Talk, Talk, Talk, Talk, Talk
Today I was a 5th grade teacher at Dr. Howard Elementary. I love teaching fifth grade! I love the curriculum, I love the way I can interact with the students, I love the way they want to know, know, know, know, know. Fifth graders have a thirst for knowledge that doesn’t seem to be present in any of the other primary grades. Middle school students and high schoolers also have a thirst for knowledge, but I am not as keen on teaching those grades as I am the intermediate/upper primary ones.
Students in 5th grade are also learning how to interact with one another. They are just entering the wonderful world of pre-adolescence, and they want to be liked. This makes for very interesting times, particularly as a substitute teacher. Sometimes students try to be liked by their peers by acting up and trying to get a laugh out of their classmates. I recently saw a poster in a different classroom that said something along the lines of “Class Clowns: Laugh, and the class laughs with you. But you spend detention alone.” Now, I’m not saying that all class clowns are trouble-makers. In fact, I find humour to be indispensable as a tool for managing a class and breaking up the tedium of the day. But there is a time and place for everything. And that is part of what these young students are trying to learn.
I remind myself of this every time I enter a fifth grade classroom, and today was no different. Except that instead of one class clown, I had 9. Out of a class of 17. (Yes, the classes at this particular school really are that small.) So it was a bit of a challenge for me. I try to ignore the class clowns as much as possible, and encourage their classmates to ignore their antics as well, because they do what they do for attention, and if they don’t get attention, they will generally stop. But when more than half the class is acting up, it can sometimes feel like it would be easier to single-handedly keep two dozen rubber duckies underwater than to effectively manage this class.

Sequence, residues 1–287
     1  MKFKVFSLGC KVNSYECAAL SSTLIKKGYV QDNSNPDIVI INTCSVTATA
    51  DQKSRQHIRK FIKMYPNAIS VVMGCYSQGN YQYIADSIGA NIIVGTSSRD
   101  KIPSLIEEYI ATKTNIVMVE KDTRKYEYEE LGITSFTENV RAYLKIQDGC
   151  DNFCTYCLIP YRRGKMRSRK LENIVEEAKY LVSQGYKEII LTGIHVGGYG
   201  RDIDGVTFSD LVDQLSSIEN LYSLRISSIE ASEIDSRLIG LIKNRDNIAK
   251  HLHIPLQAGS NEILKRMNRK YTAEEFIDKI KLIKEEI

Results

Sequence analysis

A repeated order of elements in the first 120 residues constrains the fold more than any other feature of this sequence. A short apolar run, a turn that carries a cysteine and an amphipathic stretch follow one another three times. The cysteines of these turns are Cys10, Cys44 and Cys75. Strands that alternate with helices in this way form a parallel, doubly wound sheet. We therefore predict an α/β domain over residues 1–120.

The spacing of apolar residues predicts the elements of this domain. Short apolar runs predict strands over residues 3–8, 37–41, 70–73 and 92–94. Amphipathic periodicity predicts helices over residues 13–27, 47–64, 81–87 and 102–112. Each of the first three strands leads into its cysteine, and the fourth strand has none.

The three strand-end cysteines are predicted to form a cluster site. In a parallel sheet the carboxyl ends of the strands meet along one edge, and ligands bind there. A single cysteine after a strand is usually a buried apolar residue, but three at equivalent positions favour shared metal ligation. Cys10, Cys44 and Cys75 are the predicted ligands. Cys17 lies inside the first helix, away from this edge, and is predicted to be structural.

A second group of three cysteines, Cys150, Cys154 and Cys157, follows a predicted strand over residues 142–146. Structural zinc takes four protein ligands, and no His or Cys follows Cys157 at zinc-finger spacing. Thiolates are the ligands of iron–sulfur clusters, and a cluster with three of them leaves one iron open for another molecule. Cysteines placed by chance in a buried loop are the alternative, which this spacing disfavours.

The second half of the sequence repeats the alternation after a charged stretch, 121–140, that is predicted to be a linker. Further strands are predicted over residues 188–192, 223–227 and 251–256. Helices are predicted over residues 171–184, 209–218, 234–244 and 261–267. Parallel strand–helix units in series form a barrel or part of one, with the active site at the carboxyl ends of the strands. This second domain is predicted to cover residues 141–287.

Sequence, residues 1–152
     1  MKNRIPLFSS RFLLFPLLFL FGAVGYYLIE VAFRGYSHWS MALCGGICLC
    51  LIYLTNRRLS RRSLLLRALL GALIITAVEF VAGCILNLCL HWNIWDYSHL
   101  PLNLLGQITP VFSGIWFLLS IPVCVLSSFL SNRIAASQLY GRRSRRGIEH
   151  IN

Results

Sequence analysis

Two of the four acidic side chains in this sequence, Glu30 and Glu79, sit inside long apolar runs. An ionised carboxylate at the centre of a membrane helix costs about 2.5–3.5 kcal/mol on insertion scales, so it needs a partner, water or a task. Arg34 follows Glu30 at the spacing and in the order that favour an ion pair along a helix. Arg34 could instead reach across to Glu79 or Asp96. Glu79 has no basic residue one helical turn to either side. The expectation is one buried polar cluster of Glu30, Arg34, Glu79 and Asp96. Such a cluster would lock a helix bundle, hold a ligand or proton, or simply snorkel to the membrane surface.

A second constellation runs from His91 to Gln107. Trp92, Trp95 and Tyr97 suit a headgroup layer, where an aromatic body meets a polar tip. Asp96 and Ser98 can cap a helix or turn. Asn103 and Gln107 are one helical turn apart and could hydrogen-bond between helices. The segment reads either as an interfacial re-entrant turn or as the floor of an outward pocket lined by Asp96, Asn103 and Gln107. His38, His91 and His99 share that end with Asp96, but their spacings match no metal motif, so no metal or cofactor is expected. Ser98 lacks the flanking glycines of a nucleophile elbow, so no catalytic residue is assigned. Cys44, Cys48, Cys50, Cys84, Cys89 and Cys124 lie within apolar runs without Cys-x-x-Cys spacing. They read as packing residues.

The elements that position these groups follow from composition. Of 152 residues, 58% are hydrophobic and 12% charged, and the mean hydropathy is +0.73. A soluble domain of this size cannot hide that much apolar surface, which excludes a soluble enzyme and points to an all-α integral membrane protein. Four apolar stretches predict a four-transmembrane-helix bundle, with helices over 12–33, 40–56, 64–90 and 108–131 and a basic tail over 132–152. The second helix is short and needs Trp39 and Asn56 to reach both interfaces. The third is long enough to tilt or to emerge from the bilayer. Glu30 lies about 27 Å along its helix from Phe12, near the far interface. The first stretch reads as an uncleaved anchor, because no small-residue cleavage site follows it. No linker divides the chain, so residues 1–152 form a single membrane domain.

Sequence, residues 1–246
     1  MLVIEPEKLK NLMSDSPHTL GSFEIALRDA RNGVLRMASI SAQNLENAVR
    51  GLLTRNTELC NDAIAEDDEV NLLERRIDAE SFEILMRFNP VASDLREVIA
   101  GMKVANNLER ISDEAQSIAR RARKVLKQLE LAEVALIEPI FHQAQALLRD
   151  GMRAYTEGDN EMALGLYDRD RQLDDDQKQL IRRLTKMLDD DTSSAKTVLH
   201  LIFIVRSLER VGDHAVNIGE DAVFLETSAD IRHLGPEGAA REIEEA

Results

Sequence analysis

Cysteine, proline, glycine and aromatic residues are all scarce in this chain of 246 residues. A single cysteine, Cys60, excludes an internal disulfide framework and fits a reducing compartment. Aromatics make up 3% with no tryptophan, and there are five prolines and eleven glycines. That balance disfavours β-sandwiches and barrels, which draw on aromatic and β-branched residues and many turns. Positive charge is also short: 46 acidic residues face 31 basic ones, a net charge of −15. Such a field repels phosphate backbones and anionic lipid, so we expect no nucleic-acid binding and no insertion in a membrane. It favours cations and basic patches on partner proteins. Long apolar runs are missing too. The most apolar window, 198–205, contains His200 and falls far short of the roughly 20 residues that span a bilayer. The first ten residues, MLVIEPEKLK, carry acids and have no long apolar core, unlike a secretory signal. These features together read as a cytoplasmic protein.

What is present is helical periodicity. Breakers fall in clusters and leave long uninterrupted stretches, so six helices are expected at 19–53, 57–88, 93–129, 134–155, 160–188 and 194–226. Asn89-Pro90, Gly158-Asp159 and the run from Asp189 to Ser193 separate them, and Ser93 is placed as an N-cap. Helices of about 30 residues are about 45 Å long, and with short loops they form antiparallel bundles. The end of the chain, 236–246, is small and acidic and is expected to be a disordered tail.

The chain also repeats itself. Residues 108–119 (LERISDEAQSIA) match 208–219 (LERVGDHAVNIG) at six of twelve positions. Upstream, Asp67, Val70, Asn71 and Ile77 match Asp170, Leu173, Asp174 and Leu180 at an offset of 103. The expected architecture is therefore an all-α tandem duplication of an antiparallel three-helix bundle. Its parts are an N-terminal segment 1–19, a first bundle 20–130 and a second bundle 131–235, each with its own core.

My first solution was to allow as much group work as possible. I have often found that when students work together, they are able to socialise as they talk and therefore don’t feel the need to yell out in class. This worked really well throughout the morning, but by afternoon, things were starting to get out of hand. Even after having everyone return to their seats, and even with an aide in the room, the students seemed determine to not follow directions. This made it extremely difficult for me to help those who were struggling with their assignments. Fortunately, I was able to get things under control just before the regular classroom teacher returned to the room. She immediately laid down the law and the class quickly got back in line.
Ah, the anticipated joy of having my own classroom! When I have students who already respect me and want to follow directions, because they have me there every day, instead of just once every now and then! Yet I still love substituting, as well! I love the challenge of walking into a room and having to win the class over in just a few minutes. I love being able to work with students and have a positive impact, even if I am just there for a few minutes. I love being able to share my lucky coin with students all over the district, and watch as they figure out where I got the coin. And I love being able to tell a teacher that I succeeded in teaching their students, even if they did seem to want to just talk, talk, talk, talk, talk all day long. That is why I continue to come back: because I love teaching.